The low clipped hedges are laid out in a symmetrical pattern, these can be quite intricate or as simple as four squares next to each other with a gravel path seperating them. Generally the more intricate patterns will be close to the house or chateau and simpler patterns further away.
For use in small gardens a simple pattern could be the best choice both for ease of maintenance (remember your hedging will need cutting twice a year to keep the hedges the right size and nice and leafy.
At their simplest the parterres can be filled with coloured gravel or sand. Or they can be filled with bedding plants laid out in formal patterns within the hedging.Flowers are often a secondary interest in French Garden Design and can be limited to the use of a limited range of bedding plants inside the parterres.
Another possibility is to use the formal parterre structure but soften it by planting with an informal display of plants and flowers. This approach is used in the parterres of the Chateau du Lude in North West France.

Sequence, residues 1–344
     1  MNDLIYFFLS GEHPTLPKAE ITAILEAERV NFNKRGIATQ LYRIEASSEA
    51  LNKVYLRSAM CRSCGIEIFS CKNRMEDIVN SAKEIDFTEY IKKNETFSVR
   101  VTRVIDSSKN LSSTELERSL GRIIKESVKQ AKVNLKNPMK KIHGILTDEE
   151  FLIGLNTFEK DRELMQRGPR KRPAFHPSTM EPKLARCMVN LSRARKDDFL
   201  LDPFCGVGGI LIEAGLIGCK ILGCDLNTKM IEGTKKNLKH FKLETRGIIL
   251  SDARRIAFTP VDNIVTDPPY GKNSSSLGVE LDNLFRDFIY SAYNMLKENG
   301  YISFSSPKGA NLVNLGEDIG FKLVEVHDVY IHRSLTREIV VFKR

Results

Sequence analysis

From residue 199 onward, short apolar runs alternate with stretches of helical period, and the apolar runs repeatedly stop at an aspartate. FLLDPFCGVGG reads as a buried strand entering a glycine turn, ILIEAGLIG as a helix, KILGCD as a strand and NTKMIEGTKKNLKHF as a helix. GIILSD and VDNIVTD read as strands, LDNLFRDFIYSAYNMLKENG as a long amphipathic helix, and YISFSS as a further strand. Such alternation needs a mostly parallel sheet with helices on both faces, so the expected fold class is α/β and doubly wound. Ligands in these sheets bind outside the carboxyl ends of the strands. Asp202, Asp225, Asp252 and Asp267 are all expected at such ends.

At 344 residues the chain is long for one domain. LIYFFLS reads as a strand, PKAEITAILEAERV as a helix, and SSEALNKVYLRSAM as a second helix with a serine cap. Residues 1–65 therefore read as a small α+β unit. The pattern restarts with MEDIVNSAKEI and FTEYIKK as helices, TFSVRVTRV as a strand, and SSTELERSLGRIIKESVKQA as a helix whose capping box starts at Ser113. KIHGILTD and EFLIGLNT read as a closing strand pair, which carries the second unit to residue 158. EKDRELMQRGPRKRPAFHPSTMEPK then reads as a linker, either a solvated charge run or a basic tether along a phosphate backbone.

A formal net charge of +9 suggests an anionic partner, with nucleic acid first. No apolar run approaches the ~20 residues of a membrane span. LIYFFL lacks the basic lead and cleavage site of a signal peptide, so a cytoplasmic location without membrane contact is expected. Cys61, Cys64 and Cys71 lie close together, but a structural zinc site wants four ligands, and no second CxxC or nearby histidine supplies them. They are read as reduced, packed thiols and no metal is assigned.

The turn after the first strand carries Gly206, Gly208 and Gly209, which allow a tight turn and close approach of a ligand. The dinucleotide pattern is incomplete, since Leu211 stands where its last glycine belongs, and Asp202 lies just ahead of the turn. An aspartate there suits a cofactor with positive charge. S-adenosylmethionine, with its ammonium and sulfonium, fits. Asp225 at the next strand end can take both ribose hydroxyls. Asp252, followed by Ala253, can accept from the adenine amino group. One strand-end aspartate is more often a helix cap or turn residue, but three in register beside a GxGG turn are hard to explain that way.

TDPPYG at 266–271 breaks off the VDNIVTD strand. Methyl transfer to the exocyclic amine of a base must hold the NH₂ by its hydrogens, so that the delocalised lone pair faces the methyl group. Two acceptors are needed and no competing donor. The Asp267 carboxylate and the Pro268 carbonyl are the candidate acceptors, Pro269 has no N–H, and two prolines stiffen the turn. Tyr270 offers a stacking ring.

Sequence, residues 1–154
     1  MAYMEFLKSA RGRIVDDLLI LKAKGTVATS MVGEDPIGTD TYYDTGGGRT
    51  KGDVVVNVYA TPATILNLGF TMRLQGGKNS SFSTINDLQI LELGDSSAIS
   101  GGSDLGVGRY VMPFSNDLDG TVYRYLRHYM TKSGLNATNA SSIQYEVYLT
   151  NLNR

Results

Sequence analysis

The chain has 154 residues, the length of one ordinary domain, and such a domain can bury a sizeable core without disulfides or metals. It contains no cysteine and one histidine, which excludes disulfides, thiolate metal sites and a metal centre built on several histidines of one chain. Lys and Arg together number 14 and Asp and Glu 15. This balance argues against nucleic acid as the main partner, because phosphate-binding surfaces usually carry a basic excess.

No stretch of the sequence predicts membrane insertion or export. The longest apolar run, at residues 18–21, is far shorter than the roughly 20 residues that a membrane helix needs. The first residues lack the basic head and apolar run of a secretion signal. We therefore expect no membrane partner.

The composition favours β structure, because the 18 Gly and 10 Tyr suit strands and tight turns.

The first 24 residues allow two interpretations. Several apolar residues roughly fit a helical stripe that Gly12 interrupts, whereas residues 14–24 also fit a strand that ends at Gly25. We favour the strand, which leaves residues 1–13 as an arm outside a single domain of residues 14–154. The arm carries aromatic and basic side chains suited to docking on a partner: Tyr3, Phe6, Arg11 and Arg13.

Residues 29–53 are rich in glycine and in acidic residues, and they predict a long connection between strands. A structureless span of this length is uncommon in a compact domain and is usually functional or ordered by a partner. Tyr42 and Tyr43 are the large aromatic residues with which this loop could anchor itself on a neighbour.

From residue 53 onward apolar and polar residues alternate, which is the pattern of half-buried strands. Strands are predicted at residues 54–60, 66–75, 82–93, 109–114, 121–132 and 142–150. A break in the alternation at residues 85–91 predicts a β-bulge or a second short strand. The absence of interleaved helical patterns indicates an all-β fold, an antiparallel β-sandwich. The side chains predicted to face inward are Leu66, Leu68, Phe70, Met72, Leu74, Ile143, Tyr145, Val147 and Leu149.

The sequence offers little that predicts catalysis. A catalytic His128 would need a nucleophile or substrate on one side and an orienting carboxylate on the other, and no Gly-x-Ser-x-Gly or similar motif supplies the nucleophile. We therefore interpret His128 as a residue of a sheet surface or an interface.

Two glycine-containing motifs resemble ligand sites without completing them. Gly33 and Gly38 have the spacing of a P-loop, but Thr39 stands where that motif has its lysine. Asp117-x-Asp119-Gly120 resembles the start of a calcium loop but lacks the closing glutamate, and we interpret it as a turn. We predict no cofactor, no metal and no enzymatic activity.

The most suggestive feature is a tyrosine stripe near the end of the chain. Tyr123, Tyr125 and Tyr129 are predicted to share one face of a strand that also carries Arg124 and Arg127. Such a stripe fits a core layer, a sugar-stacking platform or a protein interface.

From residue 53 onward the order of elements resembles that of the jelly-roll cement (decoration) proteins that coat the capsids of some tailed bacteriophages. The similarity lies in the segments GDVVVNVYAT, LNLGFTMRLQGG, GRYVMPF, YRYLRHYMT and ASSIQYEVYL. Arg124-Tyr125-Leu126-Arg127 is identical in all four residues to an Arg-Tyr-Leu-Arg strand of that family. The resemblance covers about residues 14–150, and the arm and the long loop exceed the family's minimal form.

Plants and Trees to use in French Formal Design
Trees are planted in straight lines and clipped to keep a perfect shape and size. They may be formed into shapes to form topiary.
The trees used in the Gardens of Versaille were: hornbeam, beech, chestnut, elm and linden for the most part. Hornbeam and Beech are easy to prune and shape making them particularly good trees for formal gardens.
The clipped hedges are usually box, lavender, rosemary and occasionally santoline. Regular trimming to stop them going 'leggy' and 'woody' is important.
If you want to recreate a very traditional design then the colours should be limited to white, pink, blue and mauve as these were the only colours available in the 17th century when many of the great French Formal gardens were created. Red, yellow and orange plants weren't brought to Europe until 1730.
Bedding plants and bulbs are popular choices for parterres with for example, parterres filled with bulbs in formal patterns for spring flowering and then taken out and replaced with bedding plants for the late-spring and summer.